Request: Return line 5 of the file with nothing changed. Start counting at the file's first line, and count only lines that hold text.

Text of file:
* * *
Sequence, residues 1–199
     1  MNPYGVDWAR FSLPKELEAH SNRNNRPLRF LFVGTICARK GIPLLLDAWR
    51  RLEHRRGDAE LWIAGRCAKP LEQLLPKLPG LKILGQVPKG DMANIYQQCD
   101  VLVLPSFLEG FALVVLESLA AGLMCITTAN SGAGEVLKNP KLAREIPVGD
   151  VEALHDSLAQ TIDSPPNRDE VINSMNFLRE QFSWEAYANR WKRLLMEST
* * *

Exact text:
   151  VEALHDSLAQ TIDSPPNRDE VINSMNFLRE QFSWEAYANR WKRLLMEST